Several speakers stressed Bulgarian Christians’ love for their country and disputed assertions that members of minority faiths—those not affiliated with the historically dominant Orthodox Church or Islam—threaten national security.
“No true believers are ever a threat to national security,” said Rumen Bordzhiev, president of the Evangelical Alliance in Bulgaria. “We love Bulgaria and our people. We believe in God, and we will continue with all legitimate means to uphold the right of religion guaranteed by the constitution.”
Anatoli Elenkov, rector of the Evangelical Theological Institute, likewise emphasized the Christians gathered not to advance a political agenda, but to “preserve the freedom to preach God’s word and to be free to share it.”
“Here we are, Christians of all confessions—Orthodox, Catholics and Protestants. We stand up for the freedom of speech and religion, against all constraints over the faith. … We say ‘no’ to the interference of the state in the affairs of the church,” he said.
Pastors serving churches that minister to Bulgaria’s Roma people, who represent about 5 percent of the nation’s population, emphasized the proposed law will divide rather than unite.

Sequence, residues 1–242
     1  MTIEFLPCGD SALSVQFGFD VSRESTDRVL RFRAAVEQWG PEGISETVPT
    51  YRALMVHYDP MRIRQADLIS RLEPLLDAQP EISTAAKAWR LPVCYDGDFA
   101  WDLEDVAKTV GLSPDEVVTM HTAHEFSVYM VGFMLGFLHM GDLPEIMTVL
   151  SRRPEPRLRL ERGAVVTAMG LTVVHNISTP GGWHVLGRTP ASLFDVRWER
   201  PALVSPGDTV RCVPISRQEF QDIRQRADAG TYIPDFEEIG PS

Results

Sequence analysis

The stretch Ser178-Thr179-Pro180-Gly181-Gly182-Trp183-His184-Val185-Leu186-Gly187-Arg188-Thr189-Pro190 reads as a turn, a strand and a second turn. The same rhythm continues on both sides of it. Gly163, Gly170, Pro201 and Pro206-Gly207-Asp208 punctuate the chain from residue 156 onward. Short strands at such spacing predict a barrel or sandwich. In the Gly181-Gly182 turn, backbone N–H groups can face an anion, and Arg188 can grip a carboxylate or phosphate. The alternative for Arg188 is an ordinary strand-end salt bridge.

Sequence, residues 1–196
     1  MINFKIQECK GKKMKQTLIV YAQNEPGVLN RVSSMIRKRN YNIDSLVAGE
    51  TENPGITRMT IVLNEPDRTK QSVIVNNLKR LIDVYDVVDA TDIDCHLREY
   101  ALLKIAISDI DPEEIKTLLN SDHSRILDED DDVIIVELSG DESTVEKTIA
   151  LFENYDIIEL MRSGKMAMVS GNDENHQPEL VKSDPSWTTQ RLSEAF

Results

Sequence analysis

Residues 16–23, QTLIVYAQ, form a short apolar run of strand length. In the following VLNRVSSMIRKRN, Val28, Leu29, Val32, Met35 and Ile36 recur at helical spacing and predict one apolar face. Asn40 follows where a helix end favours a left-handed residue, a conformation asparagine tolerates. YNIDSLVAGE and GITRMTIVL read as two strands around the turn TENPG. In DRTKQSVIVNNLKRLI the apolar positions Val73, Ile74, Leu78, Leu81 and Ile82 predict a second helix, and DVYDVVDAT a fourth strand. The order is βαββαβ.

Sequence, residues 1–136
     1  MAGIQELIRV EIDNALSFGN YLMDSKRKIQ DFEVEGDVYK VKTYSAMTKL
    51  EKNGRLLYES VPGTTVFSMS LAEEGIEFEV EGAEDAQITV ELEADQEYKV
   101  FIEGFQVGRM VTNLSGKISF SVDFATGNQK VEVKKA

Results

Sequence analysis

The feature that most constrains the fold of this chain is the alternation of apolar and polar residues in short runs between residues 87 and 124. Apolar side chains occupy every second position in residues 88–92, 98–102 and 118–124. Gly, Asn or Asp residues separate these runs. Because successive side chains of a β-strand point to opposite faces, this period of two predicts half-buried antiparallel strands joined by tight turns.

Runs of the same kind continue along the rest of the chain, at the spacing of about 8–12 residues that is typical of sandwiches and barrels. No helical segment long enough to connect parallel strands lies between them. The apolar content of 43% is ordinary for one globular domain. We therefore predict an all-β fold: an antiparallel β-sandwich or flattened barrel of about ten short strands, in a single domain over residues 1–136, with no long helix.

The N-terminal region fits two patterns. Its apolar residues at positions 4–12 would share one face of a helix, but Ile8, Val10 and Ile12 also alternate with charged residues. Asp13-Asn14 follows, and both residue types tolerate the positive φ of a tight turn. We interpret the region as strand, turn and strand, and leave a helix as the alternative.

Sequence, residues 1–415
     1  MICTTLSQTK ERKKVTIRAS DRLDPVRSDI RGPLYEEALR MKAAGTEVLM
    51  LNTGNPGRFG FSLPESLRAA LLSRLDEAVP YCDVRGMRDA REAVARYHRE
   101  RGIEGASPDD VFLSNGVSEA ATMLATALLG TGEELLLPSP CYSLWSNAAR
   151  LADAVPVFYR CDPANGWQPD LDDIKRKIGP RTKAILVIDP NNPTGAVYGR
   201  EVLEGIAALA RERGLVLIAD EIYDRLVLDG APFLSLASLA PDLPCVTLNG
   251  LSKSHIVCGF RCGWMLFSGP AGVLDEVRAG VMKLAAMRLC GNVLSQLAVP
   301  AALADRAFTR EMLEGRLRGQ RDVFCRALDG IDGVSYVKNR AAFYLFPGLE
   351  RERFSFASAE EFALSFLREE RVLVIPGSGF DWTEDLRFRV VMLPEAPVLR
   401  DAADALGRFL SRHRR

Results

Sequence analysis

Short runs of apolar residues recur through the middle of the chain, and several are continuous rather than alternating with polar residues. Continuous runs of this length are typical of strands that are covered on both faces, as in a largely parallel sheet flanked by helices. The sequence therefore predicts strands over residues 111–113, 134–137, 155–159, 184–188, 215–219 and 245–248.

“The state is trying to integrate the Roma, but the effect is minimal,” said Pastor Lazar Ganchev. “Only the word of God can achieve that, because it builds a value system and a correct way of thinking. The Christ-changed Roma people begin to live according to the Scripture standards. If this influence is going to be limited, how will the authorities integrate the Roma.”
Appeal to the prime minister
In a Nov. 8 letter to Prime Minister Boyko Borissov, BWA General Secretary Elijah Brown and European Baptist Federation General Secretary Anthony Peck expressed serious concern about amendments to Bulgaria’s law on religious communities, combined into what Bulgarian lawmakers termed the “joint law.” Brown and Peck asked that the law “be withdrawn prior to second reading.”